What cloning success looks like

I had great root growth after just a couple weeks. I should have potted up the plants a few days earlier then when the picture was taken but the picture looks better with massive roots. (: Besides, I had a lot of grading, so I let the cuttings go a few days too long. It would probably be safer to pot up the cuttings when the roots first start to poke through the starter plugs like the picture in my last blog. No matter how much root growth you see, the new plants are still tender, but they are a lot tougher than the branch you cut off several days ago. You are nearing the end of the cloning process but be mindful that you can still kill the plant if you don’t transplant it correctly.
If you do have massive roots like I did, you want to make sure the roots are growing down when you transplant/pot up your plants. If the roots are shoved in a pot and are pointing up or wrapped around each other they may strangle each other and at the least your plant will use energy for root growth, not flowering and it won’t get the best uptake of nutrients either. You can trim the roots but I don’t. I think transplanting is stressful enough without having some roots amputated. However, when I transplant from a medium to large pot I do break up the root mass but with the starter plugs, you just plop them in the container and you are good to go. When I have cuttings that have a lot of roots, how I like to pot up is to put the plug/plant in a pot with some soil, and then fill in soil about ½ way up and around the plug. Then, a trick I learned is to gently pull the plant / plug up after it’s partially surrounded by soil. This will pull the plant up, and cause the roots to be oriented pointing down, the natural root position. After you pull the plug up pack down the soil and add more soil until the plug is covered.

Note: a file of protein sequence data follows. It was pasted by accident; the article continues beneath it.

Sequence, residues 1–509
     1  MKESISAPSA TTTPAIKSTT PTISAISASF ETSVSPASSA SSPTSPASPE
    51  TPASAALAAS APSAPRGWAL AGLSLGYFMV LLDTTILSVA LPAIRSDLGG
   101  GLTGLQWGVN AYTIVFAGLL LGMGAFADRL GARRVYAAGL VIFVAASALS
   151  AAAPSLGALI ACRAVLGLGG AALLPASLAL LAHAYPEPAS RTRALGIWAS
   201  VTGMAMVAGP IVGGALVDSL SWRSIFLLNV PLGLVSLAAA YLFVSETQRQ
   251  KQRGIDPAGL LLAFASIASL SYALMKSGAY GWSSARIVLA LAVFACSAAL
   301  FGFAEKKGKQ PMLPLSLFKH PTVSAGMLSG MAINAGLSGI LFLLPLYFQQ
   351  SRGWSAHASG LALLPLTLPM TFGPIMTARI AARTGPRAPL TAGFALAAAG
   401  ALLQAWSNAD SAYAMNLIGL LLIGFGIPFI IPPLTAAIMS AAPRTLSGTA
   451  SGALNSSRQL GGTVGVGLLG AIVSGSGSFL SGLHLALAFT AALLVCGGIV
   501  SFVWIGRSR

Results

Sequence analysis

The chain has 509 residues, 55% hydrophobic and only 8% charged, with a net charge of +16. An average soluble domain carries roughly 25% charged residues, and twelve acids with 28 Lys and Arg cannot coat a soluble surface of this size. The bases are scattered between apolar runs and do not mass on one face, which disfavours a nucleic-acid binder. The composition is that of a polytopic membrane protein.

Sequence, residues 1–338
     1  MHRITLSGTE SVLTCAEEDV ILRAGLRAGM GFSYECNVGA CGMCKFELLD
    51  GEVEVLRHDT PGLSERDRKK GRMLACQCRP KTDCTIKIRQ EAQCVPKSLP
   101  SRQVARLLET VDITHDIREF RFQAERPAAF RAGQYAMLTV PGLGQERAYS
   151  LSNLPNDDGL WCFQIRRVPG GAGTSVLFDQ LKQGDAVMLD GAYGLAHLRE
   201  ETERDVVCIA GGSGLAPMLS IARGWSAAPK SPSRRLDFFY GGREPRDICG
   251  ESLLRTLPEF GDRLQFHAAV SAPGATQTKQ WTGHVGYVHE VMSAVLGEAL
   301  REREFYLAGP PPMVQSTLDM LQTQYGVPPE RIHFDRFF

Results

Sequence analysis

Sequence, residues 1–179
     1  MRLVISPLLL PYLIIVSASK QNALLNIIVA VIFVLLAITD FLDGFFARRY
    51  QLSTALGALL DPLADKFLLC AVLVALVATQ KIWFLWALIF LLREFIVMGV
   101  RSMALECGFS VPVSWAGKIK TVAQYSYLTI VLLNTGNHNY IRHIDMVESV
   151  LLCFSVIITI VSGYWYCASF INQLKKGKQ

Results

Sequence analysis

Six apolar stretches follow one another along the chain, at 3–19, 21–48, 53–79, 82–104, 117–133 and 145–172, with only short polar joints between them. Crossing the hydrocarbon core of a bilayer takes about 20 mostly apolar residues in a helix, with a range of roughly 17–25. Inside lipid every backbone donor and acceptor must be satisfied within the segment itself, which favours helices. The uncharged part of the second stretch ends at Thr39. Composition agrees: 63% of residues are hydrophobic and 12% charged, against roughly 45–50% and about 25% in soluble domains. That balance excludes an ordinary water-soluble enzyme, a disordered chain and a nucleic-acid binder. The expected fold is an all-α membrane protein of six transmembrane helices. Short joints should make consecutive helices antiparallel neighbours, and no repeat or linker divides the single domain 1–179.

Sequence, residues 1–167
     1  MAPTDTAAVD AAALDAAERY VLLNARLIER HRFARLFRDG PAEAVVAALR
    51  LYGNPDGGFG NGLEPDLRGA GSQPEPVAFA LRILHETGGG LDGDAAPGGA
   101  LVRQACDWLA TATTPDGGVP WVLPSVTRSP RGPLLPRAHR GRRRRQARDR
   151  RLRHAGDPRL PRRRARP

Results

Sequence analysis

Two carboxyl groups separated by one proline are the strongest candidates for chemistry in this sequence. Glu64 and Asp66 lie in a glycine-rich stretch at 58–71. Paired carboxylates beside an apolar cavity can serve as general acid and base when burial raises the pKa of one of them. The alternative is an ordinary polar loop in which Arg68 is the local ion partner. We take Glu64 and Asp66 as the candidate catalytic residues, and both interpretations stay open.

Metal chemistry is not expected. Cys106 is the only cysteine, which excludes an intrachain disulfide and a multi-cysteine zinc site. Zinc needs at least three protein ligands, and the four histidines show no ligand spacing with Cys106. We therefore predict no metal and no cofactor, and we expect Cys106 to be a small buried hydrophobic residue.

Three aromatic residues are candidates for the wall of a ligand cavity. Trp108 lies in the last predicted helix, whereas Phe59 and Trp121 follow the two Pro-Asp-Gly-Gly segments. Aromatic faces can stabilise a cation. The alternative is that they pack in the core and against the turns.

You should add soil until the starter plug is covered but make sure you, DO NOT bury the plant stem up to the leaves. The stem of most plants will not form into roots, and the stem may rot being moist all the time under the soil.

Good Growing,
Dr. E. R. Myers

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